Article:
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  • Environmental activist Cyntia Zapata shows a plastic bottle with oil waste from a pool of waste Chevron left behind in the Amazon, Sep. 17, 2013.

    Environmental activist Cyntia Zapata shows a plastic bottle with oil waste from a pool of waste Chevron left behind in the Amazon, Sep. 17, 2013. | Photo: EFE

Ecuadorean officials argued that the District Court of The Hague has erred in agreeing that a bilateral investment treaty can be applied retroactively.

The Ecuadorean government signaled Monday that it will appeal a decision by the District Court of The Hague that ruled in favor of the Chevron oil company in a long-standing dispute over contamination in the Ecuadorean Amazon.

A panel from the District Court of the Hague in the Netherlands recently ruled that an arbitration tribunal, convened under the authority of the U.S.-Ecuador Bilateral Investment Treaty, did have jurisdiction in the case and affirmed the legitimacy several interim awards favoring the Chevron oil company.

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Ecuadorean Attorney General Diego Garcia said the court erred in agreeing with Chevron that Ecuador was bound to the terms of the bilateral investment treaty and its arbitration mechanism.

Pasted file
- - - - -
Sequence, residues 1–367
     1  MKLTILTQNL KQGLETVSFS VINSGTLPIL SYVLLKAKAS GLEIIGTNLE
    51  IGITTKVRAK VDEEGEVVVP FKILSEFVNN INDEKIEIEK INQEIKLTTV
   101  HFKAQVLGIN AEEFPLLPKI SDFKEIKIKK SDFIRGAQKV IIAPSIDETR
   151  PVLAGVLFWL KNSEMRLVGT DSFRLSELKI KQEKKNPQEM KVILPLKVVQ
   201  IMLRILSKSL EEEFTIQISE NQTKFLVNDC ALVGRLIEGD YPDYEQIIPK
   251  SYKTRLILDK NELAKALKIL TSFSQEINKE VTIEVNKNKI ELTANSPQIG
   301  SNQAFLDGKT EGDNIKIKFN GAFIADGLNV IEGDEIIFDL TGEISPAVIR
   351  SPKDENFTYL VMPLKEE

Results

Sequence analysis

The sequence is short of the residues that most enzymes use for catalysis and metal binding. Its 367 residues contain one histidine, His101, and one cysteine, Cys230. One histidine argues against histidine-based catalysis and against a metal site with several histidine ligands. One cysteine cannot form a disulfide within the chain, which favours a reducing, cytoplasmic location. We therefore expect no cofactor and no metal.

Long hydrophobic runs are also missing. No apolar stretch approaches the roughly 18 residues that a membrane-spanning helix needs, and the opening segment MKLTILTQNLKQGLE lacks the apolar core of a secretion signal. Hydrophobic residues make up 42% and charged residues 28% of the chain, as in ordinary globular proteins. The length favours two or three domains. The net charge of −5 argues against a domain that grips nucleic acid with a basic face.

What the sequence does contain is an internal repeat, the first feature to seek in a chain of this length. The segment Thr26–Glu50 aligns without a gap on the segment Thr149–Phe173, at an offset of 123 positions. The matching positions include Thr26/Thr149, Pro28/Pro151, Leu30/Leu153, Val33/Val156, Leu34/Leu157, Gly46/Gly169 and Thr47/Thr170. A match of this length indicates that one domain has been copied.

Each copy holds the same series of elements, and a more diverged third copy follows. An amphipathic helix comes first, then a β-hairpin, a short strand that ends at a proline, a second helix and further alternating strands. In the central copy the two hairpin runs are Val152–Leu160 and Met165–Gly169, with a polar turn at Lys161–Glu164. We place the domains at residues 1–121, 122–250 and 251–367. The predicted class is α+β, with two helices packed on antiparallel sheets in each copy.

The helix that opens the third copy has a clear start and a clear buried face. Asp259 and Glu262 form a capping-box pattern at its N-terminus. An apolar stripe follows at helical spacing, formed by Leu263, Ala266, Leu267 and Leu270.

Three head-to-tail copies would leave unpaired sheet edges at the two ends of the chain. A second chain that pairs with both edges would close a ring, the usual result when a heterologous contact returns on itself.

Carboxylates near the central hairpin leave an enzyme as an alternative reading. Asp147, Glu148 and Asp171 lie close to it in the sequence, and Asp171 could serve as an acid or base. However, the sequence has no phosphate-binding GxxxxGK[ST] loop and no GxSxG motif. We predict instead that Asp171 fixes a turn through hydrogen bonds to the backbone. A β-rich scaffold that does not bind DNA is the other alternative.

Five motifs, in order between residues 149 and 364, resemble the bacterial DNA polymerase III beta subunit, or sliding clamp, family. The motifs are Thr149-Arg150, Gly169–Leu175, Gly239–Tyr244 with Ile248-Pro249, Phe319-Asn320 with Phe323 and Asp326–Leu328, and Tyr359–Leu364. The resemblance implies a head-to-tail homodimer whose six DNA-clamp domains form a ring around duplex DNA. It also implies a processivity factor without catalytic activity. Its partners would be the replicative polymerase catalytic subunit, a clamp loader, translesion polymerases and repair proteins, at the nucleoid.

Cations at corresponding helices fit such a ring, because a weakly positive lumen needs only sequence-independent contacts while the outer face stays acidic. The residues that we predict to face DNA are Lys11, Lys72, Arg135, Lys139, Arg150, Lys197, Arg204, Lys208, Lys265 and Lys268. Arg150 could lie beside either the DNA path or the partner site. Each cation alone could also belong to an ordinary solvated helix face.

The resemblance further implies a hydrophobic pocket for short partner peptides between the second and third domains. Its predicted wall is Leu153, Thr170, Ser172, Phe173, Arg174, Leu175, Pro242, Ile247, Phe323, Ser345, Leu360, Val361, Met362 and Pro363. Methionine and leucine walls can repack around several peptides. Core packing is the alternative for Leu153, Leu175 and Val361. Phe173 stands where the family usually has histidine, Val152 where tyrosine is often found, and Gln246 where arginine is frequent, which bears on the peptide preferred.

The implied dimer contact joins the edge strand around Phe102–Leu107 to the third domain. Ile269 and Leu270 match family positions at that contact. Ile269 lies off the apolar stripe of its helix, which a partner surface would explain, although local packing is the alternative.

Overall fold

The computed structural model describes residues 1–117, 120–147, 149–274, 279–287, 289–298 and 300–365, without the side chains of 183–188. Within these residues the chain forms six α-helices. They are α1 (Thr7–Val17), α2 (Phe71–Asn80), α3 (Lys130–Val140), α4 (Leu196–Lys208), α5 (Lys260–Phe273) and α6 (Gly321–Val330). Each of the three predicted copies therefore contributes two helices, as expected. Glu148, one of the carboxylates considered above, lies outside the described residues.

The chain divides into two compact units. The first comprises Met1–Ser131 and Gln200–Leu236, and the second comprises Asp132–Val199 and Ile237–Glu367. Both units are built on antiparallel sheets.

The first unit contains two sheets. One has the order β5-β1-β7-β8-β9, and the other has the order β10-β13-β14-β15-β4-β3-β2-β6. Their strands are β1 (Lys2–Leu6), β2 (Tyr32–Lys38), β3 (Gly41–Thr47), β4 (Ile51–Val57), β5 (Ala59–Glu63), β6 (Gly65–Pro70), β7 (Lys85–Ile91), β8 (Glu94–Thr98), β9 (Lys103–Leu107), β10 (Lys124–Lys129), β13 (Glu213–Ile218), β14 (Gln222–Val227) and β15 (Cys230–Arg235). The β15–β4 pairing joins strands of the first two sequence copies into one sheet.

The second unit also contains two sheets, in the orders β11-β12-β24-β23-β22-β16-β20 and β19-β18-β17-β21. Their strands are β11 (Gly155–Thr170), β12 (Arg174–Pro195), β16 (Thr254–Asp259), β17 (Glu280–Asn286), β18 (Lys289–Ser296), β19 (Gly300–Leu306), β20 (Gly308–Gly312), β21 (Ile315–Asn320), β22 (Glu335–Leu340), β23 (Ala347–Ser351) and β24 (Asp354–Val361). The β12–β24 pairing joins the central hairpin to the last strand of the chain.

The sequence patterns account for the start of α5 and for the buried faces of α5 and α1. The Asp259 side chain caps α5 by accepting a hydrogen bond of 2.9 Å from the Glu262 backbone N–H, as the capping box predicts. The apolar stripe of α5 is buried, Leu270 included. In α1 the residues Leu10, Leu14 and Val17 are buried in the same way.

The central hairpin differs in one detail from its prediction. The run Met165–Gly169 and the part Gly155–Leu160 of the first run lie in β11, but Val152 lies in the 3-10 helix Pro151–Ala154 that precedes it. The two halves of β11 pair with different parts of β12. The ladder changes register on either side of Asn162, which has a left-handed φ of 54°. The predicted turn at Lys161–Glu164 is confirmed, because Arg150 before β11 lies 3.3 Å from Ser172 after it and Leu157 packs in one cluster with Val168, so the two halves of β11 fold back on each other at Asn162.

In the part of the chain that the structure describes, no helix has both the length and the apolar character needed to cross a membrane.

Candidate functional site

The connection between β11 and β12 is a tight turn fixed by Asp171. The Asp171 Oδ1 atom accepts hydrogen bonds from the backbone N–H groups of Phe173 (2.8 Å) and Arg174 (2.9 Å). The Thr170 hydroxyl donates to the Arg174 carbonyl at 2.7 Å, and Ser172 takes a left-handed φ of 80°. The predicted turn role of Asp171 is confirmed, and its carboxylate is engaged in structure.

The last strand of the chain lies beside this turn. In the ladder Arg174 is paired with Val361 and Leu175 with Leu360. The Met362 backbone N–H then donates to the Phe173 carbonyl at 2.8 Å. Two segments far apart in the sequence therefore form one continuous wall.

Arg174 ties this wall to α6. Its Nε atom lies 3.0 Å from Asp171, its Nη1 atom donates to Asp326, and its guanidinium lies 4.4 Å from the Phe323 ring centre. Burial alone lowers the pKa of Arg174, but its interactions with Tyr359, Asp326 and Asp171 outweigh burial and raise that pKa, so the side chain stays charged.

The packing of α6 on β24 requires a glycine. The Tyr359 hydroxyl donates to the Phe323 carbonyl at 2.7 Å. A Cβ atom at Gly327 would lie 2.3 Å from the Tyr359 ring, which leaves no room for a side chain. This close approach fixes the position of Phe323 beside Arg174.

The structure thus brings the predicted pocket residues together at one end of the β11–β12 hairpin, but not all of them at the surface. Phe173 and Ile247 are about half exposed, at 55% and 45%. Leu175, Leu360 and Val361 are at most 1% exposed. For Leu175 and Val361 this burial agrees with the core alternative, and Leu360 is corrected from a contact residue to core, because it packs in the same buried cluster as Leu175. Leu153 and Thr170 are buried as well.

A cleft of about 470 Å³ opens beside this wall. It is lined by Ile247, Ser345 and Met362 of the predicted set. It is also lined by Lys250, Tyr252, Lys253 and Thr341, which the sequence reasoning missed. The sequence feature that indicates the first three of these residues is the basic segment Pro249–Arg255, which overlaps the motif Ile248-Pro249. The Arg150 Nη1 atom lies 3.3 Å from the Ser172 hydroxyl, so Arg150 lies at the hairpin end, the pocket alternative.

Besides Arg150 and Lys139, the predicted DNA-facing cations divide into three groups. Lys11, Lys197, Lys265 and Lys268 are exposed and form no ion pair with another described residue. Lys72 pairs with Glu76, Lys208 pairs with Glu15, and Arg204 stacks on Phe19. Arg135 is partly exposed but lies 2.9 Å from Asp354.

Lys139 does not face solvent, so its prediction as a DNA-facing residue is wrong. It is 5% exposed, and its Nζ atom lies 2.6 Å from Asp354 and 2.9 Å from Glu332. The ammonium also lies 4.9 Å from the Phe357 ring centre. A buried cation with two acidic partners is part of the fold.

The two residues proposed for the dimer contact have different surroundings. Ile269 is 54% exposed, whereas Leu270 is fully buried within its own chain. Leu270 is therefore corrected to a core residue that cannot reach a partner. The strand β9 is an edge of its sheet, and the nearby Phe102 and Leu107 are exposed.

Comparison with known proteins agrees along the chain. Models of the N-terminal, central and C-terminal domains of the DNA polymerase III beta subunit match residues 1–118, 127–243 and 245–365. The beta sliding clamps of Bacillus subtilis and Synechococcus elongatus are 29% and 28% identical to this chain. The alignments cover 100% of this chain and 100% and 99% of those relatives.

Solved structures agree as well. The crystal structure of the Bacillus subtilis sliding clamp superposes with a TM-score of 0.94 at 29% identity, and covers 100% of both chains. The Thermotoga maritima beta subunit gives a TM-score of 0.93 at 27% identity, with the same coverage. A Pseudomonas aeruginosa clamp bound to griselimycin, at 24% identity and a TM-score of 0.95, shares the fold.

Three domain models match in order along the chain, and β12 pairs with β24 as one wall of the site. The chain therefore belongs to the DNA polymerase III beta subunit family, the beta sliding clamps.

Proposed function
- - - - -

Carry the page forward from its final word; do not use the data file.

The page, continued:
The investment treaty between Ecuador and the United States came into effect in 1997, a full five years after Chevron ended its operations in the country. By ruling the arbitration tribunal had jurisdiction, the District Court of The Hague is attempting to apply the treaty retroactively.

In 2013, the Ecuadorean Supreme Court affirmed an earlier ruling that found Chevron responsible for environmental contamination in the Ecuadorean Amazon and set the compensation at US$9.5 billion.

Since then, Chevron has said it would not pay and has set out on a deliberate campaign to delegitimize the ruling.

The Hague court agreed with Chevron that the US$9.5 billion ruling was secured fraudulently and was the result of political pressure.

The Ecuadorean state denies the allegation and defends the integrity of its institutions.

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The panel chastised Ecuador for not abiding by the interim awards that ordered the state to suspend enforcement of the judgment and later chastised the state for attempting to enforce the judgment in other jurisdictions.

The Ecuadorean state has always maintained that it could not and would not abide by the interim awards issued by the arbitration tribunal, for doing so would “threaten public order” according to the attorney general as it is essentially asking the Ecuadorean state to disavow a ruling by its own judiciary.

The arbitration tribunal has not yet made its final ruling.


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